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Review Of The Quantum Thief Trilogy

Explanation of the emotional core of The Quantum Thief’s exploration of the trap of persistent personal identity and seeking freedom.

Review of The Quantum Thief trilogy by Hannu Rajaniemi 2014 (★★★★★): uncompromising hard-SF space-opera—so uncompromising and in media res that most readers missed the point of its exploration of transhumanist themes of personal identity and radical freedom from constraints, even the constraints of the physical universe.

The Quantum Thief trilogy follows an amnesiac gentleman jewel-thief as he seeks to escape prison and becomes embroiled in a multi-way war between the competing powers of a far future Solar System, where the goal is the left-overs from a past Singularity which grant the victor the power to rewrite the laws of physics.

But underneath all of the wonderfully speculative SF ideas and cutting-edge science—so cutting-edge that many readers mistake the science for the fiction—for our protagonist, the real goal is an escape from himself: the burden of too many heists, too many witty quips, too many centuries of being forced to be himself rather than becoming someone else, because that is the only way to maintain a persistent identity in a world where minds are trivially copied & modified.

As the Solar System collapses and reality is rewritten, our hero pulls off the greatest escape act ever, escaping our universe; for as every transhumanist believes at heart when they look at our all-too-flawed world, if you are clever and hard-working and lucky enough, sooner or later… there is always a way out.

Quantum Thief (The Quantum Thief, 2010; The Fractal Prince, 2012; The Causal Angel, 2014; TvTropes) by Hannu Rajaniemi ( Twitter) is a hard SF trilogy set in a post-Singularity Solar System (cf. Eclipse Phase/Orion’s Arm), starring the distant descendant of Maurice Leblanc’s gentleman jewel-thief Arsène Lupin, a certain amnesiac Jean le Flambeur.

It follows him as he escapes from prison and attempts to retrieve his memories hidden in various places throughout the Solar System; each novel focuses on one world-building setpiece: Quantum Thief is cryptopunk Venice; The Fractal Prince is demoscene Baghdad; and The Causal Angel is MMORPG space cities. Le Flambeur succeeds in stealing back his old self, only to discover his old self was entangled in a web of plots by all the major players fighting over a ‘jewel’ of universe-destroying power, destabilizing the fragile balance of power, and sparking a Solar System-wide war which causes the end of the universe—but don’t worry, it all works out OK (mostly).

I read Quantum Thief in May 2014, and Fractal Prince/Causal Angel in January 2015, and enjoyed it, but was left too confused to write a proper review. I could only capsule-summarize it as “Accelerando meets Lupin; uncompromising SF, stuffed full of interesting tidbits—the game-theoretic prison at the beginning is only the beginning; self-recommending.” In August 2022, after visiting DEFCON, I caught an unpleasant case of COVID, and while discussing the best remedies1 with a ML researcher, I recommended Quantum Thief as a good read but admitted I didn’t get it, in part because it was so in media res.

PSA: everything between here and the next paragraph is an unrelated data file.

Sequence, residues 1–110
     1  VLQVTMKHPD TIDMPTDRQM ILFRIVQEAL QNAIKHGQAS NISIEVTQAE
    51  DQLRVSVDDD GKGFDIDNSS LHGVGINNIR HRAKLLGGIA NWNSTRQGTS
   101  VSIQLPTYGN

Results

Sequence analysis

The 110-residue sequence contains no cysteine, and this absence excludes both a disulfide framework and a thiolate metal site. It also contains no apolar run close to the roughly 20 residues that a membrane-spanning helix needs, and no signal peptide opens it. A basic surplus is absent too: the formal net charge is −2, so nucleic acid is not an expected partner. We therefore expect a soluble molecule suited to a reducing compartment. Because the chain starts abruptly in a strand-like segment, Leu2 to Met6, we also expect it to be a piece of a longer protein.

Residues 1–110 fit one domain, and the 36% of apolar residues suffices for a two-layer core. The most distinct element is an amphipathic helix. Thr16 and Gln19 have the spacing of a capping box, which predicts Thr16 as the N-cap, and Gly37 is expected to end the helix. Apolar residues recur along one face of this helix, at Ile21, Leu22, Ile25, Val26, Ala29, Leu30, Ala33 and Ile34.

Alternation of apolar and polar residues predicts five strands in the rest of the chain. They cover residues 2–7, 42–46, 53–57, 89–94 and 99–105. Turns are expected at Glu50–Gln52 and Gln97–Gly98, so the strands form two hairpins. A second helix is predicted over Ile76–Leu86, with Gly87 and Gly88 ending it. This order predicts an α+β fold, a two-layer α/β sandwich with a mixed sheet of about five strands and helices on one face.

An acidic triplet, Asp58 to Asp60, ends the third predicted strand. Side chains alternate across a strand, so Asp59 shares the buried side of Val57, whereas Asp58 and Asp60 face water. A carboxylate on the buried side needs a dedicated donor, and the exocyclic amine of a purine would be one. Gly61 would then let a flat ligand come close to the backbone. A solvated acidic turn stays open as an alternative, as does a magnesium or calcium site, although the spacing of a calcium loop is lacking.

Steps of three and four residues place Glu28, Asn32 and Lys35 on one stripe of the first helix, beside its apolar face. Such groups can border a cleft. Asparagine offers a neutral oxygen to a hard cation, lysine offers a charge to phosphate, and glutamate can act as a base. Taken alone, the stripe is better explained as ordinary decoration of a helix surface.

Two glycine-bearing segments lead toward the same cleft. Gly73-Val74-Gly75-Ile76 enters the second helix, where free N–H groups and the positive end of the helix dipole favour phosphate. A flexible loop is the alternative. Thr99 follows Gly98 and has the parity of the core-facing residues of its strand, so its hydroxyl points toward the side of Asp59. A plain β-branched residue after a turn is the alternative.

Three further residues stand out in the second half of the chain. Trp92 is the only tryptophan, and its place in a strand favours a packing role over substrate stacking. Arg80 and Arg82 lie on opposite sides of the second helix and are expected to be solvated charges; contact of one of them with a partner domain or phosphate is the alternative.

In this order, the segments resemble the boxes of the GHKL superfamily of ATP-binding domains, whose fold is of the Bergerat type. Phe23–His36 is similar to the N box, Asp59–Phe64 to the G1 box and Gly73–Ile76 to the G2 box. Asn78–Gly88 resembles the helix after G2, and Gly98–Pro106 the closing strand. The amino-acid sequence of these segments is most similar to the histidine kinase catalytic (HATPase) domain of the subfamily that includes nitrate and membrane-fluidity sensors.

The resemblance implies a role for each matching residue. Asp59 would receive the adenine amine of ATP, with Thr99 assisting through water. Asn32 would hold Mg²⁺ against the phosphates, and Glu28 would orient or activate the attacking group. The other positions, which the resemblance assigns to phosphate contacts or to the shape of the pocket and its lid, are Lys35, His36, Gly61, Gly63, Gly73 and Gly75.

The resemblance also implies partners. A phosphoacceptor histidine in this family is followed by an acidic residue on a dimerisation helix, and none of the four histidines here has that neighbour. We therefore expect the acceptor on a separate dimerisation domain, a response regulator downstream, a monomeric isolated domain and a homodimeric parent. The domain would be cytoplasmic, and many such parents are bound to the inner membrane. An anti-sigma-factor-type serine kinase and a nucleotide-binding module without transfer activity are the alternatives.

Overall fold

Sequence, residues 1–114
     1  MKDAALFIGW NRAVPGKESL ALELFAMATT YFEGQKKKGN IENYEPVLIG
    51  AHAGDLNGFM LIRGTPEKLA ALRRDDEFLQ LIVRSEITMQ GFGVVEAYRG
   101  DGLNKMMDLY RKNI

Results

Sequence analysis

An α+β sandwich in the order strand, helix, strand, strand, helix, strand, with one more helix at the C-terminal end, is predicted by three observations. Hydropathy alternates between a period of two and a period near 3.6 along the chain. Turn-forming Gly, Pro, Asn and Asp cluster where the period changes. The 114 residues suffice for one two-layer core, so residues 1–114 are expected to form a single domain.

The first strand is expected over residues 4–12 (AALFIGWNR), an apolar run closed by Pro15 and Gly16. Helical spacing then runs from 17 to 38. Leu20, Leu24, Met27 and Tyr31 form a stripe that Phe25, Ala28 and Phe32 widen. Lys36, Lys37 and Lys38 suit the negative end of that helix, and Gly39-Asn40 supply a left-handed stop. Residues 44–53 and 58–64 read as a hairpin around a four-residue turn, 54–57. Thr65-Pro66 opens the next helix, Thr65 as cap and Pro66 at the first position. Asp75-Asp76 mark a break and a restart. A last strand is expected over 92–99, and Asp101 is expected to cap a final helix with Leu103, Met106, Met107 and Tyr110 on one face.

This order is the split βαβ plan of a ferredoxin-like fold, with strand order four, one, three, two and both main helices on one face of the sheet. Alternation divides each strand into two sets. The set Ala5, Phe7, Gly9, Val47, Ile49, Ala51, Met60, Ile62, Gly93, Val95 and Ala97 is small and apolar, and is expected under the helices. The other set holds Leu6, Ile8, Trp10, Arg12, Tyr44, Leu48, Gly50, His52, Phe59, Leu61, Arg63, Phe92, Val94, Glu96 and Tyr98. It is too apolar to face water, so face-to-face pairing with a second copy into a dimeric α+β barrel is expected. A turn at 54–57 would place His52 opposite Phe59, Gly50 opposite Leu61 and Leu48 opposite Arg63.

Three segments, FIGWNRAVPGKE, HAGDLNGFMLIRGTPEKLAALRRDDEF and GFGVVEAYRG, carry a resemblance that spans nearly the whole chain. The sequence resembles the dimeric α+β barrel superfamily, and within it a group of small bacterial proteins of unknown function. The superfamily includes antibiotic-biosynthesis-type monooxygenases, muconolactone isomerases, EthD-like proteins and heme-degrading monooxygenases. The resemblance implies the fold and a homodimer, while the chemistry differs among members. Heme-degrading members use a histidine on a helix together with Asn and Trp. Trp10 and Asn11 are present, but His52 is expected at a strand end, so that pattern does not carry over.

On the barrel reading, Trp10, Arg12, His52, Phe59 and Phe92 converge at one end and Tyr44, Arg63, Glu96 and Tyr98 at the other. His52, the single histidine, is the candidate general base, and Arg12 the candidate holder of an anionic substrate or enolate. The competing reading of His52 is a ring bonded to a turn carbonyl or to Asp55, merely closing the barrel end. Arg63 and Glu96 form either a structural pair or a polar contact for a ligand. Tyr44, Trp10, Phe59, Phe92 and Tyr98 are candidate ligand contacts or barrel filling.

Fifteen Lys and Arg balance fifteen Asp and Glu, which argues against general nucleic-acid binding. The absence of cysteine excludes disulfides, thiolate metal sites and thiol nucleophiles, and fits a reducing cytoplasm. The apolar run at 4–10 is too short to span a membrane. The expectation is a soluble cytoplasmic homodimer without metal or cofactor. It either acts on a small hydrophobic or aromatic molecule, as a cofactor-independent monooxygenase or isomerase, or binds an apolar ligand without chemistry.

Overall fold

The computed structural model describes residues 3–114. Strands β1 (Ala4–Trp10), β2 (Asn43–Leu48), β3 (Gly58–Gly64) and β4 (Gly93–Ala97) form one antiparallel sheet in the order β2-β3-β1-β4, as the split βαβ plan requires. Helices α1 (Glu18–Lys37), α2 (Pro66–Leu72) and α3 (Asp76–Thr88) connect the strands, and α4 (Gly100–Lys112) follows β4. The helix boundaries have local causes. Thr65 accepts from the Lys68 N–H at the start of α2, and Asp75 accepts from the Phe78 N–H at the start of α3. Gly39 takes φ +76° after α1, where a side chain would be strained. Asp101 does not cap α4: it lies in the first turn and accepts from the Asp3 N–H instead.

I was not up to my usual work, so I thought I’d take a second whack. I was right, and the trilogy made sense to me the second time around. So, this is my attempt to explain The Quantum Thief Trilogy, its “emotional core” (to quote Hannu), and how it is similar to The Last Unicorn (which helped inspire it).

There is always a way out. You are never in a prison unless you think you are. A goddess told me that.

Jean le Flambeur

Stylistically, QT is relentlessly in media res: neither we nor le Flambeur know why he is in prison, and little is explained thereafter. Hannu makes no concessions to the casual reader, as he mainlines straight into his veins the pre-deep-learning 2010-era transhumanist zeitgeist via Silicon Valley—if it was ever discussed in a late-night bull session after a Singularity University conference, it might pop up here. Hannu crams the novels with blink-and-you’ll-miss-it ideas on the level of Olaf Stapeldon. A conventional Verne gun like Gerald Bull’s is too easy a way of getting to space—how about beating Project Orion by instead using a nuclear space gun (since emulated brains don’t care about high g acceleration)? Or for example, the All-Defector reveals that, since other universes could be rewriting their rules to expand at maximum speed, erasing other universes before they know it, he plans to rewrite our universe’s rule to do so first (ie. he will defect at the multiversal level against all other universes); whereas beginner-level SF like The Three Body Problem would dilate on this for half a book, Hannu’s grand reveal gets all of 2 paragraphs before crashing into the eucatastrophic ending.

For world-building, he drops neologisms left and right, and hard ones at that—few enough American readers will be familiar with the starting premise of “Arsène Lupin in spaaaace!” (probably more are familiar with the anime Lupin The Third these days), but his expectations go far beyond that: the ideal reader of the trilogy is not merely one familiar with the Prisoner’s Dilemma but also with the bizarre zero-determinant PD strategies discovered ~2008, and not just with such basic physics as quantum entanglement or applications like quantum dots, but exotic applications to quantum auctions & game theory (including Prisoner’s Dilemma) & pseudo-telepathy (yes, those are things), and it would definitely be helpful if that reader happened to also be familiar with Eliezer Yudkowsky’s c. 2000s writings on “Coherent Extrapolated Volition”, with a dash of Nikolai Fyodorovich Fyodorov’s Russian Cosmism for seasoning (although only a dash2).